Federal Bureau of Investigation urging Americans to reboot internet routers now

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Rebooting internet routers will "temporarily disrupt the malware and aid the potential identification of infected devices", according to the Federal Bureau of Investigation.

The malware can collect information, block network traffic and exploit devices in other ways. There's surely more to it, but it has been recommended that all home routers or small office routers get a restart, which should clear the immediate threat. The law enforcement agency also recommends that users install new firmware and choose a new secure password.

USA law enforcement officials have already acted to help disrupt the VPNFilter malware and its associated botnet. VIDEO: How to reboot your router to avoid malware Typically, consumer or small business grade routers do not have anti-virus protection. You can also disable remote management settings on devices, and make sure your password protection is strong. They believe it's the same group that hacked the Democratic National Committee before the presidential election in 2016.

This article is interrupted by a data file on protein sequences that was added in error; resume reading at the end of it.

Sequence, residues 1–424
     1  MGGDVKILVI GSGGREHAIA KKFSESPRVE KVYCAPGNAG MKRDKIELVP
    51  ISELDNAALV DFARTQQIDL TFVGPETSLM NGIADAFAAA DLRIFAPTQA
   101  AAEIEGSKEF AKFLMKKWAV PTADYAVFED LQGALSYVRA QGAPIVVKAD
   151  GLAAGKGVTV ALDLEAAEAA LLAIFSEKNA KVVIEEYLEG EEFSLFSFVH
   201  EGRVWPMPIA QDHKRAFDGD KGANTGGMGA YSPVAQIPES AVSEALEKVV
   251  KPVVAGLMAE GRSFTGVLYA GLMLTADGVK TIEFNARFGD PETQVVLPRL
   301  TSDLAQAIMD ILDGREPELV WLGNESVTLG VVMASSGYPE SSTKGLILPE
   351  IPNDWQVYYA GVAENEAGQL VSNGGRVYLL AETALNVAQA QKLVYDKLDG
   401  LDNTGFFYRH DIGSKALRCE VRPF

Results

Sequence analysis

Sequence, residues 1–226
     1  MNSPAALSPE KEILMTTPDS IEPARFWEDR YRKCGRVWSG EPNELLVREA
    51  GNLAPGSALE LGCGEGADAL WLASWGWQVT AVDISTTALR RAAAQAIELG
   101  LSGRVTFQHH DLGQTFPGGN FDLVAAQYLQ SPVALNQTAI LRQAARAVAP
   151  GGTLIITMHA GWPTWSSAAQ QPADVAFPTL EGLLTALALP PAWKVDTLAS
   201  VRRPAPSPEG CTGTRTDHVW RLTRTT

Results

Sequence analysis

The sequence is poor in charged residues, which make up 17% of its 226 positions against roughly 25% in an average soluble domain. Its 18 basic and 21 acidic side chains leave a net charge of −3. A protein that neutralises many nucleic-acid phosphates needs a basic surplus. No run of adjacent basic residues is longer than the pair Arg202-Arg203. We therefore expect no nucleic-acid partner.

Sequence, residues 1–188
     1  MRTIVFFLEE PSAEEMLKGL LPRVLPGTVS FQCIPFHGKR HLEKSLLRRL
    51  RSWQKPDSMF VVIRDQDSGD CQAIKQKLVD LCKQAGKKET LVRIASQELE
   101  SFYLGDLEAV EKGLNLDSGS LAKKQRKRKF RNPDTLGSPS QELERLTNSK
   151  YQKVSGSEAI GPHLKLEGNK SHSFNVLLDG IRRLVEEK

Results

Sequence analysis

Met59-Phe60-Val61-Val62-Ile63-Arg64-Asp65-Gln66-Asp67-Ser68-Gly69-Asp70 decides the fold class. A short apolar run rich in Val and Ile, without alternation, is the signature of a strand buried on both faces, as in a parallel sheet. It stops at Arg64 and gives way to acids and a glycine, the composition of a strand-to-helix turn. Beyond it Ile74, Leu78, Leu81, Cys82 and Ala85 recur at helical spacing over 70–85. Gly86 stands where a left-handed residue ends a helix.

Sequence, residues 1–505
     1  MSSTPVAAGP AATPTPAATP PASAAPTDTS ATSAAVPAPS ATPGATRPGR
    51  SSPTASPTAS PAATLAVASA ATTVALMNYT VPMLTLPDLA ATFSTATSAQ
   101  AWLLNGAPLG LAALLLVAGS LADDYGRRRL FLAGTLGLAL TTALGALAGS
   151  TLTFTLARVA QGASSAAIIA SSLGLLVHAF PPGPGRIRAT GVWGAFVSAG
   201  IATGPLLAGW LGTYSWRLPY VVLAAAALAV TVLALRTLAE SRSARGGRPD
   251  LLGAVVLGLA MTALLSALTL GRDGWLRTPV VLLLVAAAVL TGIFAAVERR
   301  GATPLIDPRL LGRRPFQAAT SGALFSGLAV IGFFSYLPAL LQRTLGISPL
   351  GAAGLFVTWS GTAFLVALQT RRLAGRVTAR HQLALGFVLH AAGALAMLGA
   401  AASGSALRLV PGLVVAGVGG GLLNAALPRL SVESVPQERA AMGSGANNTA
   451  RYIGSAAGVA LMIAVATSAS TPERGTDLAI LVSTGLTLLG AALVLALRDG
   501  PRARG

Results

The FBI said it would gather the IP addresses of infected devices, and pass those to the Shadowserver Foundation to disseminate among ISPs and non-US CERTs.

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Unfortunately, there's no easy way to tell if your router has been compromised by VPNFilter, according to CNET.

Earlier, Cisco Systems Inc said the hacking campaign targeted devices from Belkin International's Linksys, MikroTik, Netgear Inc, TP-Link and QNAP.

More information about the cyberthreat is available on the FBI's website. Although this ability has since been disabled, the routers still remain infected if no further action has been taken on the part of the owners. IoT started with computers, phones and tablets, but quickly has expanded to include voice-over-internet phone services, doorbells, security camera networks, thermostats, connected home devices such as Alexa, and even refrigerators.

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